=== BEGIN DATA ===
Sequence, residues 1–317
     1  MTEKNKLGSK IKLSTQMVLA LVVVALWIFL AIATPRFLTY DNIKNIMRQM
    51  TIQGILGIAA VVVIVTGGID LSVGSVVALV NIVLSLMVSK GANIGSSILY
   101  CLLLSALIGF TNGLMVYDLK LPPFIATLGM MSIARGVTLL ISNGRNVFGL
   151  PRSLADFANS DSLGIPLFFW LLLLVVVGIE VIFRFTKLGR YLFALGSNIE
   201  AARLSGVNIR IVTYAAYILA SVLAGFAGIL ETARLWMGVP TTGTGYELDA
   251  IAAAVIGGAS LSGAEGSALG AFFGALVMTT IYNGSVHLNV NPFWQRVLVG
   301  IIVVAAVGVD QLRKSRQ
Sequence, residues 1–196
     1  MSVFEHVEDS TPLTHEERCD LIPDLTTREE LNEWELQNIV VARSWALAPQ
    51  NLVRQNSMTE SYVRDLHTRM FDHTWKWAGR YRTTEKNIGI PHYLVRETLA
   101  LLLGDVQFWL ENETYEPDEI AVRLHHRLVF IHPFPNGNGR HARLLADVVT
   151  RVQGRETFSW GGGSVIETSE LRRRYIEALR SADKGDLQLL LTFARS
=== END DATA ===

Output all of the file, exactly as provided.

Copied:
Sequence, residues 1–317
     1  MTEKNKLGSK IKLSTQMVLA LVVVALWIFL AIATPRFLTY DNIKNIMRQM
    51  TIQGILGIAA VVVIVTGGID LSVGSVVALV NIVLSLMVSK GANIGSSILY
   101  CLLLSALIGF TNGLMVYDLK LPPFIATLGM MSIARGVTLL ISNGRNVFGL
   151  PRSLADFANS DSLGIPLFFW LLLLVVVGIE VIFRFTKLGR YLFALGSNIE
   201  AARLSGVNIR IVTYAAYILA SVLAGFAGIL ETARLWMGVP TTGTGYELDA
   251  IAAAVIGGAS LSGAEGSALG AFFGALVMTT IYNGSVHLNV NPFWQRVLVG
   301  IIVVAAVGVD QLRKSRQ
Sequence, residues 1–196
     1  MSVFEHVEDS TPLTHEERCD LIPDLTTREE LNEWELQNIV VARSWALAPQ
    51  NLVRQNSMTE SYVRDLHTRM FDHTWKWAGR YRTTEKNIGI PHYLVRETLA
   101  LLLGDVQFWL ENETYEPDEI AVRLHHRLVF IHPFPNGNGR HARLLADVVT
   151  RVQGRETFSW GGGSVIETSE LRRRYIEALR SADKGDLQLL LTFARS